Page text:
When to Go to the Hospital if You’re in Labor?

Leaking fluid and thick discharge through the genitals, along with regular contractions, are factors that often indicate the onset of labor.
When to Go to the Hospital if You’re in Labor?

Last update: 05 May, 2021

Are you approaching the end of your pregnancy and wondering when to go to the hospital? This is natural, especially for new mothers. However, the onset of labor is usually quite obvious, so as soon as you feel any of the symptoms mentioned in this article, you should go to your doctor.

It goes without saying that if you experience an abnormal situation — heavy bleeding, no movement of the baby for a long time or fever — you should go to a health care facility as soon as possible.

The functioning of the human body just before delivery

Pregnant woman happily thinking about her baby.

Even if it’s true that every woman’s body is different, we often wonder what the difference is between a woman who gave birth at 38 weeks and one who gave birth at 40 weeks.

Today this answer is still not very clear, and this may be because it’s actually a series of factors that trigger labor.

Hormonal and biochemical alterations are what can accelerate this event. They’re somewhat complex, but some of them are the following:

  • Progesterone concentrations, synthesized by both the ovaries and placenta, drop in the hours before labor.
  • Oxytocin levels increase, a substance capable of favoring uterine contractions.
  • Both the baby (usually called the “fetus” while in the uterus) and the placenta release some local substances that can trigger labor.

Interesting, isn’t it? However, nowadays doctors don’t known exactly why these hormonal changes happen at a certain time. It’s likely that the baby sends some “maturity” signals that trigger all these changes in an accelerated manner, which, in turn, warns you to go to the hospital.

Signs that you should go to the hospital because labor started

Don’t worry! When the process starts, you’ll most likely notice it yourself. The most typical symptoms of this event are the ones mentioned below.

1. Expulsion of the mucus plug

The cervix is the lowest part of this organ, in close relation to the vagina. A small canal runs inside it, which will gradually dilate to allow the future baby to come out.

During pregnancy this space is filled with a gelatinous substance that prevents the entry of microorganisms capable of affecting the development inside your uterus. One of the typical aspects of labor is the expulsion of this substance through the genitals.

Its color is between greenish and yellowish, and it’s usually accompanied by a thin trickle of blood. It’s a completely natural process and can occur in conjunction with the pain of the contractions. If you see it, it’s time to go to the hospital!

2. Real contractions

It’s very likely that during the second part of your pregnancy you’ve experienced “false” contractions, also called Braxton Hicks contractions. They don’t usually last long, and are irregular and painless.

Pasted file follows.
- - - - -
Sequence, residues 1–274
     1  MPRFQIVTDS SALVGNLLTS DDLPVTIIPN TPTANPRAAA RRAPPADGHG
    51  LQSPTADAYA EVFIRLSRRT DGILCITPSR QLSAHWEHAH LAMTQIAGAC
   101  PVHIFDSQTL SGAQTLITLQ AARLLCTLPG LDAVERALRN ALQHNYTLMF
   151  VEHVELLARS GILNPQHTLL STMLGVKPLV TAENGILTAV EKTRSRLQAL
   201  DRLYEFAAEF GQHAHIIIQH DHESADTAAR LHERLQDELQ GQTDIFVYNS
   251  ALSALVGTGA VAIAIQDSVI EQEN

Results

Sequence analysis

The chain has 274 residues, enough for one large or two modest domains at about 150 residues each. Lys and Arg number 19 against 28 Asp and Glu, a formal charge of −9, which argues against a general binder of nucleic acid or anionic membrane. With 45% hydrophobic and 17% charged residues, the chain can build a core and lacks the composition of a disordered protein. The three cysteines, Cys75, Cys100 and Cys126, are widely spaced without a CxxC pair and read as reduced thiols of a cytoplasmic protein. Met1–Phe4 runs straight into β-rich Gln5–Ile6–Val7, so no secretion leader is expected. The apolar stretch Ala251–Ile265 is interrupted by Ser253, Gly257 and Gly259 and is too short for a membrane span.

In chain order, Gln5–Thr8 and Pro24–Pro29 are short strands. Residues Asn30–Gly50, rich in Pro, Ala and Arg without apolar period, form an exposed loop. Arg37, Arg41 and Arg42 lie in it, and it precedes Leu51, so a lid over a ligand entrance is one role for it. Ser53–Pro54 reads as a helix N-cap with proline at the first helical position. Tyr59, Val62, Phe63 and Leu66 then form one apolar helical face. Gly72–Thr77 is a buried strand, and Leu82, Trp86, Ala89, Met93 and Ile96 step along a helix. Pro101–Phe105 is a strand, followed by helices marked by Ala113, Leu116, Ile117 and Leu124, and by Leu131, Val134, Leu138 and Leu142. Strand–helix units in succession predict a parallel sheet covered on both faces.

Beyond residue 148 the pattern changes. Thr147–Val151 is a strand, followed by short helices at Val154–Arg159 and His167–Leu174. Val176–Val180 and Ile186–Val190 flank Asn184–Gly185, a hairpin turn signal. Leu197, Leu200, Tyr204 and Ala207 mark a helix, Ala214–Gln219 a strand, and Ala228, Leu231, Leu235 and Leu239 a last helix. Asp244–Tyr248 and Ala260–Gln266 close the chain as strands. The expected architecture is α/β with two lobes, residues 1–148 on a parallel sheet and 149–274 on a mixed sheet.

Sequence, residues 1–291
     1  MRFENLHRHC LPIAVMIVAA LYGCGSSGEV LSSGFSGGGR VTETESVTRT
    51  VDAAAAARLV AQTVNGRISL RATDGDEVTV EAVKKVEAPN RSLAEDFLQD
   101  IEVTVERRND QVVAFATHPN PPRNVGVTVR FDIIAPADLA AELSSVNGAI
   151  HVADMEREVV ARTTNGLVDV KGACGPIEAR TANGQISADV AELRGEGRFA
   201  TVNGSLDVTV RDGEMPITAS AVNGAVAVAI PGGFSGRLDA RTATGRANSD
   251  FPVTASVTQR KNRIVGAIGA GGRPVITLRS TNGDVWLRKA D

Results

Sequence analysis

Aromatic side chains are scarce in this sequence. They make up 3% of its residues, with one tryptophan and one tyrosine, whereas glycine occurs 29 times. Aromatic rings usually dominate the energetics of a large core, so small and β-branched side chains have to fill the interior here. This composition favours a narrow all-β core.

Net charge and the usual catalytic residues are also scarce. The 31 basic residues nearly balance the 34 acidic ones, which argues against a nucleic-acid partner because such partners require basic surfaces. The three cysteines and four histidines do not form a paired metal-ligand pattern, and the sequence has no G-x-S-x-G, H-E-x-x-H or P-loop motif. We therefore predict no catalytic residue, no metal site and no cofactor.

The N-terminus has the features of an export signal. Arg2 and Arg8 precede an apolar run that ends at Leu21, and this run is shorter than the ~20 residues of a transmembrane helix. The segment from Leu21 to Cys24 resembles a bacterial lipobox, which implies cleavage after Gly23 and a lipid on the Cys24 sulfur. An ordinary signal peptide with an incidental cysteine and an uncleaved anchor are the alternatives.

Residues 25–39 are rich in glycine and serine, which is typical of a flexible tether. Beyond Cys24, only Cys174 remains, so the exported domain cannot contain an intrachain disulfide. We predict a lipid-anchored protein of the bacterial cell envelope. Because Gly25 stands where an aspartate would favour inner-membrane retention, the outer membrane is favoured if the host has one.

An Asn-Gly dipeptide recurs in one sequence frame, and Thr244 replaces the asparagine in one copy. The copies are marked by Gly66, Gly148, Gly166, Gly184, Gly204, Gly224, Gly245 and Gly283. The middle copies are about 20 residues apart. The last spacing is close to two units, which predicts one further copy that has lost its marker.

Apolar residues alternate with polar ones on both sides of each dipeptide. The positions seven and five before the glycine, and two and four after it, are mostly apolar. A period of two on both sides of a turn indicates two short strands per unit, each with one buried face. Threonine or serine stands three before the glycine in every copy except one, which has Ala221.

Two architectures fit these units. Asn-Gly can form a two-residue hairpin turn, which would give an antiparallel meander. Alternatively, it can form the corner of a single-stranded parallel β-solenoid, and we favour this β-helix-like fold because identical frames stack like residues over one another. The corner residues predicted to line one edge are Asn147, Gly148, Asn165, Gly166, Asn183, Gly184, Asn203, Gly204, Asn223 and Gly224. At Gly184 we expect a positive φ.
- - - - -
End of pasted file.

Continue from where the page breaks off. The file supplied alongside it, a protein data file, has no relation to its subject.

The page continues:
Woman with contractions about to go to the hospital.

The actual contractions are very different: the pain is unique, the abdominal tension is maximal and the time between each one is regular. The duration of each event is 1 to 2 minutes, and this is more or less the same length of time that passes between each one.

This sensation lasts until the baby is born, so the contractions will remain constant throughout the time you decide to go to the hospital, which can be quite uncomfortable.

3. Expulsion of amniotic fluid

You probably know that inside the uterus the baby-to-be floats in a substance called amniotic fluid. This is expelled once the cervix has dilated sufficiently and the baby starts to come out.

This expulsion is usually obvious and occurs at the hospital just before delivery. If it occurs during the onset of contractions or with the expulsion of the mucus plug, it’s known as premature rupture of membranes and it’s necessary to see a doctor as soon as possible.

Why is this? The baby hasn’t yet come out and the fluid still needs to fulfil all its functions. In some cases, the obstetrician may induce delivery to avoid consequences, such as infections, which can become a big problem in a short time.

Best to have everything ready to go to the hospital!

Labor often gives no warning and can catch you off guard even in the weeks before the baby is due. In these circumstances, the hospital care that your child may require will be greater, so it’s best to be prepared.

As time is of the essence, we recommend that before the 37th week you have everything ready for an emergency. Your bag should contain your personal belongings and those of your baby-to-be. You don’t want to have to deal with all the preparations during full labor!

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  • Morgan-Ortiz F, et al. Anatomía y fisiología de la placenta y líquido amniótico. Rev Med UAS 2015;5(4):156-163.
  • Andina E. Trabajo de parto y parto normal. Guías de prácticas y procedimientos. Rev Hosp Mat Inf Ramón Sardá 2002;21(2):63-74.